upon which body is built
No 7. The Physical Body - Sthula Sharira - the out shell
Theosophy teaches that reincarnation is the method used for the evolution of the soul. The physical body and personality we have today is only one of many which we have occupied throughout our long evolutionary journey. The circumstances, situations, and conditions of each lifetime were formed by our own previous actions, whether we were aware of it or not. The cycle of birth, death, and rebirth only comes to an end when the individual has attained to true spiritual perfection, freedom from all desire, and has reached conscious reunion with the Divine. This is called Nirvana, Moksha, or being reabsorbed in Brahman.
Theosophy teaches that all of life is governed by the law of karma. Karma is based on the principle of cause and effect. What we sow we shall reap. Harmony and balance in the universe is achieved through karma. Karma is impersonal and just. The Law of Karma is the law of self-created destiny. Karma and reincarnation are inextricably linked…you can’t have one without the other.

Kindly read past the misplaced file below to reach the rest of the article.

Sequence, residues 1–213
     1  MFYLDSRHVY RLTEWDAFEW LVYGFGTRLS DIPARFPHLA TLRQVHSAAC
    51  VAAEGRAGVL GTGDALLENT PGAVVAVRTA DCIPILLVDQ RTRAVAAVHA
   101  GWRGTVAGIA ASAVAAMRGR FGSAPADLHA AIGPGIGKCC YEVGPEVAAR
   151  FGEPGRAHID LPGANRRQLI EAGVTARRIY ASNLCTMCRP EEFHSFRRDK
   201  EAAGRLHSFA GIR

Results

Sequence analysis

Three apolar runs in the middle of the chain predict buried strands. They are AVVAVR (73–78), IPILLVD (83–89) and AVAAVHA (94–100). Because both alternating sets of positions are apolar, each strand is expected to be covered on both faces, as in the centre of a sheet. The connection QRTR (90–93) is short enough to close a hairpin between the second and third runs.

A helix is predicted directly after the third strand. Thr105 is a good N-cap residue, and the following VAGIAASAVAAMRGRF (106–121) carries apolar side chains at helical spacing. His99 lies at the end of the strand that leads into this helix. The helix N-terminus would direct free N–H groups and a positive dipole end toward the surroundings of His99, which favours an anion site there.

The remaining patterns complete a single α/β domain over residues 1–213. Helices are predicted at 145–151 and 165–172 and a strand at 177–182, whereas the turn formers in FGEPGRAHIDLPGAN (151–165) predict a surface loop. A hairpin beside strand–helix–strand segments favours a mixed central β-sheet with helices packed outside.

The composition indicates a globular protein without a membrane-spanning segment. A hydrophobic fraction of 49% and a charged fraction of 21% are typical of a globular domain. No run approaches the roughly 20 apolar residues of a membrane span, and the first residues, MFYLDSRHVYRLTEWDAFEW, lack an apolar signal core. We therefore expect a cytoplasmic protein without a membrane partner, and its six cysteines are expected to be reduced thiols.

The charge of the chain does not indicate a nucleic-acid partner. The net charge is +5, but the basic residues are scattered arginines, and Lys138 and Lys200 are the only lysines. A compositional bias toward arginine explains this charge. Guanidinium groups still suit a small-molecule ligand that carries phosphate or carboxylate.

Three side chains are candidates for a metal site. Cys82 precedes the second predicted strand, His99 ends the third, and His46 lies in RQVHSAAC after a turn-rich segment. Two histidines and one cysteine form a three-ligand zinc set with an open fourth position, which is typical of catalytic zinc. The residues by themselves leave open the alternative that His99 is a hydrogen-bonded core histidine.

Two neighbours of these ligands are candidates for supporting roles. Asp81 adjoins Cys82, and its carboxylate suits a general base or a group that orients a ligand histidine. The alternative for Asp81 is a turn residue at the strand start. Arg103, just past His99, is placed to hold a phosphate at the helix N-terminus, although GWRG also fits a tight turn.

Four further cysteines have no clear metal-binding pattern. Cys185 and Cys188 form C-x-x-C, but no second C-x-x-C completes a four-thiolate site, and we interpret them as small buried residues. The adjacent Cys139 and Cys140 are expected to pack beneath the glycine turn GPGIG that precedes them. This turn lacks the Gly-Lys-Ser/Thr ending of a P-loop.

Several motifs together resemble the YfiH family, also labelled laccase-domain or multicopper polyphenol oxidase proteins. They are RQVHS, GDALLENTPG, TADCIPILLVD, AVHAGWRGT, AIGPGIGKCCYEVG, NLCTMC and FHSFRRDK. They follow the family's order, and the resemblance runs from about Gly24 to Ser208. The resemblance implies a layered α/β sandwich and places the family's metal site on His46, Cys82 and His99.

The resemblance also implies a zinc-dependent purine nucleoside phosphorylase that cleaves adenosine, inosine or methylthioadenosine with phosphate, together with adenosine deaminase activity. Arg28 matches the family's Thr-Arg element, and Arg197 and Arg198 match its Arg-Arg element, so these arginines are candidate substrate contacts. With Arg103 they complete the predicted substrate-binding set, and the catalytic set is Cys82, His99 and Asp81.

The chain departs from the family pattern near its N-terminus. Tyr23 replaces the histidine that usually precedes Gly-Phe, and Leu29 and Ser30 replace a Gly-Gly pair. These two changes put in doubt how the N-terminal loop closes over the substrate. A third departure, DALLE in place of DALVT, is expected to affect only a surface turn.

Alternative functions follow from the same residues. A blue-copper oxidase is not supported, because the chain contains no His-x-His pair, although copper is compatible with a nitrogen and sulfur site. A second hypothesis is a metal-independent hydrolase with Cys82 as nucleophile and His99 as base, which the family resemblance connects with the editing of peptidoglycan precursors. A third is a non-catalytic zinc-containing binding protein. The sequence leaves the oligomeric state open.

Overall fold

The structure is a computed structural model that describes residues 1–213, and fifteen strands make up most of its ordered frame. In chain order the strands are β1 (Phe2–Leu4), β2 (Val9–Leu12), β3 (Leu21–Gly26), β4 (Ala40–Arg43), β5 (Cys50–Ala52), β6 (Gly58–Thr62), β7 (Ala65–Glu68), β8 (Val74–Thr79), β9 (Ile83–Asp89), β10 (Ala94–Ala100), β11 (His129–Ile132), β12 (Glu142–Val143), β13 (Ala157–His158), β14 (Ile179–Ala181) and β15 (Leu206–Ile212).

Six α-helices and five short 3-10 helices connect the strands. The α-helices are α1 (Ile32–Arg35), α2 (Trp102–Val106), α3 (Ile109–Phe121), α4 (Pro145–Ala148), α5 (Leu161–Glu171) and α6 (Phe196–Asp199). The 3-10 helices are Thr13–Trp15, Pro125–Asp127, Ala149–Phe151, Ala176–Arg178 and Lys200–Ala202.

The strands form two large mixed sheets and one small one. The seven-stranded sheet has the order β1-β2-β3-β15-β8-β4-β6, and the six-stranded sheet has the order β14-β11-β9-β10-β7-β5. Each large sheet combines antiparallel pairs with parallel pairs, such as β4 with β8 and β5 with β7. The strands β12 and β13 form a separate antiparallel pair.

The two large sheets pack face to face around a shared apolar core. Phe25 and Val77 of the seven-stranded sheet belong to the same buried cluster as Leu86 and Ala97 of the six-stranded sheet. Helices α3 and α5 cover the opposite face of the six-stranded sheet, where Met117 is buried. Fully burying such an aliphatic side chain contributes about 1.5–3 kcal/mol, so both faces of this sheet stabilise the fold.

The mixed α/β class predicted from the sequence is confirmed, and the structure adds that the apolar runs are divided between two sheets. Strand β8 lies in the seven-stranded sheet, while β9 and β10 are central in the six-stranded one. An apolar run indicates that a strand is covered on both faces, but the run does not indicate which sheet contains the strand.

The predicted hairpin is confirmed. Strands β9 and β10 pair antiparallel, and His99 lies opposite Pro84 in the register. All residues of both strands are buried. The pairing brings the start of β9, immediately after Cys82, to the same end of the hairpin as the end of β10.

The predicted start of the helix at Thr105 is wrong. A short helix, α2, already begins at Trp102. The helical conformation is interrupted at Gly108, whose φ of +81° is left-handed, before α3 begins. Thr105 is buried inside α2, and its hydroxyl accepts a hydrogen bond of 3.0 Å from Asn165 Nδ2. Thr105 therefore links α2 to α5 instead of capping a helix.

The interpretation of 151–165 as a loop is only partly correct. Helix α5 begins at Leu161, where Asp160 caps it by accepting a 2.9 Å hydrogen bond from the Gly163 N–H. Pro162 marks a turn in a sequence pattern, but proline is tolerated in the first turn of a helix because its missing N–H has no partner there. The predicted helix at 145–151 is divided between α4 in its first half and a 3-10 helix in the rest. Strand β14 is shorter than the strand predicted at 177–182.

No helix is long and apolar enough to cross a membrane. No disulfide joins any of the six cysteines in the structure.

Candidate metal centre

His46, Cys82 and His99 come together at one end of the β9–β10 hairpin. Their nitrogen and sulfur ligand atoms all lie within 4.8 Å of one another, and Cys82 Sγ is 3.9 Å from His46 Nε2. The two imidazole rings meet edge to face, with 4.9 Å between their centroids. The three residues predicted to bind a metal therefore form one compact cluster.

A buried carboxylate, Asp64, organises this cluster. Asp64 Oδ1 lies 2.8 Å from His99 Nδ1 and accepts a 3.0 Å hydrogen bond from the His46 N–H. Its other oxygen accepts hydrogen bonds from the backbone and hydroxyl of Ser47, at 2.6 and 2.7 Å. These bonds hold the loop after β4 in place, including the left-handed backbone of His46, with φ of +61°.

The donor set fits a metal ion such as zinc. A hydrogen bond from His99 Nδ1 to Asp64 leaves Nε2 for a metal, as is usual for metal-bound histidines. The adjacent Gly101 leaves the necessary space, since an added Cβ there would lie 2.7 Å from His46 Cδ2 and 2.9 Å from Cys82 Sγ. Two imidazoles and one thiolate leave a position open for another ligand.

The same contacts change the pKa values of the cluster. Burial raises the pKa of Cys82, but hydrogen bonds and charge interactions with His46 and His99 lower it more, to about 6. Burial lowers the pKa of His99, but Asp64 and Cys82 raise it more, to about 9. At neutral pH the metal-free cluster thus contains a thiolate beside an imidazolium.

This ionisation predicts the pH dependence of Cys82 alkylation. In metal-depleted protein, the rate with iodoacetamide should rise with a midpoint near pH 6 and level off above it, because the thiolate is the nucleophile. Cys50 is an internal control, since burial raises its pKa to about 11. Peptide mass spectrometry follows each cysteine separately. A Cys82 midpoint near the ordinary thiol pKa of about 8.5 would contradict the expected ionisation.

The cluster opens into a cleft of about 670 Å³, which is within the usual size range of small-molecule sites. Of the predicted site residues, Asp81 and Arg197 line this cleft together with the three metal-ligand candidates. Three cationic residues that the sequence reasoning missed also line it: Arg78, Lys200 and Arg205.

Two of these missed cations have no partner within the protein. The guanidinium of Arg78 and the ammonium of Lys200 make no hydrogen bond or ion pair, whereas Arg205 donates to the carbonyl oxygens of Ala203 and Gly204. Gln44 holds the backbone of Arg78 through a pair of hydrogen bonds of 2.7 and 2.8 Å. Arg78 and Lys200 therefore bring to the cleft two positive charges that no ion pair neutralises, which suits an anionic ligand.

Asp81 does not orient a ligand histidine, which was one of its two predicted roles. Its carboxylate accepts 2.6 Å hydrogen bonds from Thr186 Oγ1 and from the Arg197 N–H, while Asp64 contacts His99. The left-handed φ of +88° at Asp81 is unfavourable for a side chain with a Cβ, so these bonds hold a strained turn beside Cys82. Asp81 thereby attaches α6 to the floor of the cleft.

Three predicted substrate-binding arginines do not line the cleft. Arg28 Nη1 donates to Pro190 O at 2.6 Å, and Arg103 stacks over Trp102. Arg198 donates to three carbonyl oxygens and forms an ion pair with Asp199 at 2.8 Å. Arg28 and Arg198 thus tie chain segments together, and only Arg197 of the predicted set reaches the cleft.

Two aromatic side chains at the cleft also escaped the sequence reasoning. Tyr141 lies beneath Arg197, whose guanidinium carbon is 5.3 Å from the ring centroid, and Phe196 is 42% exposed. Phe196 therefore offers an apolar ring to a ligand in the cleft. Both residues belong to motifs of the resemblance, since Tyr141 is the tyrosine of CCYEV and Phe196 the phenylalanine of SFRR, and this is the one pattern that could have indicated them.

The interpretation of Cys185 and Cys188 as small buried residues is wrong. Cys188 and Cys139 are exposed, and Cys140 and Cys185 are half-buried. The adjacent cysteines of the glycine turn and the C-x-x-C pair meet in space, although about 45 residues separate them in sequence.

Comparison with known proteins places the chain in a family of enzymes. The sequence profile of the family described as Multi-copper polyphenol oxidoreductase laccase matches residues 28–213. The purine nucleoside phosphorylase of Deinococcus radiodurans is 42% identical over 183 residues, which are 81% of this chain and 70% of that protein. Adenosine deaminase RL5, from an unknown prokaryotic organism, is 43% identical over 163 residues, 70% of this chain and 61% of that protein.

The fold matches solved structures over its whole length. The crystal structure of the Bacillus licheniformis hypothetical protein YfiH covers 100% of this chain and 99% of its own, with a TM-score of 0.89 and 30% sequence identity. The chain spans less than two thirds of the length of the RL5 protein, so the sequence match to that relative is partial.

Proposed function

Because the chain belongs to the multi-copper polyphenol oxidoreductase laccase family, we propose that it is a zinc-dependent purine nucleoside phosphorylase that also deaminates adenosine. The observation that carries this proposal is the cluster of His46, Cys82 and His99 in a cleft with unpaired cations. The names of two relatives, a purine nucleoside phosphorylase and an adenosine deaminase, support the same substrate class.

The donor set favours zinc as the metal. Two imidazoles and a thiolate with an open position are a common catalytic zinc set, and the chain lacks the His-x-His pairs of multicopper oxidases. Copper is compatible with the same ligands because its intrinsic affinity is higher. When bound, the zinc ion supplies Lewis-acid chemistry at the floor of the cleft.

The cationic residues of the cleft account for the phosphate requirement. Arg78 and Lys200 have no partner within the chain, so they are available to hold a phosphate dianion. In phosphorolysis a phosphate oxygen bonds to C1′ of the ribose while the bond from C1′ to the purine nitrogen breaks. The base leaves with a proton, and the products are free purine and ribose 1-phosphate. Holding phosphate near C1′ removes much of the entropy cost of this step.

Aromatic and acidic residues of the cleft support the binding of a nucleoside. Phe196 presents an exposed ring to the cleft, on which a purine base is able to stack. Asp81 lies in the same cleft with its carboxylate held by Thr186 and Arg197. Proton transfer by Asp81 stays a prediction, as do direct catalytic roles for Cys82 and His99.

Theosophy teaches that death is only a transition, a change of state. Our true being can never die. When so-called death occurs, we leave behind on earth our physical body, our astral body, and the force of Prana. The true you then enters the astral plane. The astral plane is the physical atmosphere that most closely surrounds the physical plane (Kama Loka).
We are unconscious there, in a type of dazed and sleeping state, and undergo the process of separation of our lower and mortal nature from our higher and immortal nature. When this is completed we say that the “second death” has occurred. The principle of Kama and the lower, earthly, and sensual elements of Manas remain behind in Kama Loka as a type of senseless and soulless shell and eventually fade out and disintegrate.
Meanwhile, the soul enters into the “gestation state,” a period of profound unconsciousness and inaction, before eventually waking into the Heaven state. This is called Devachan in Theosophy.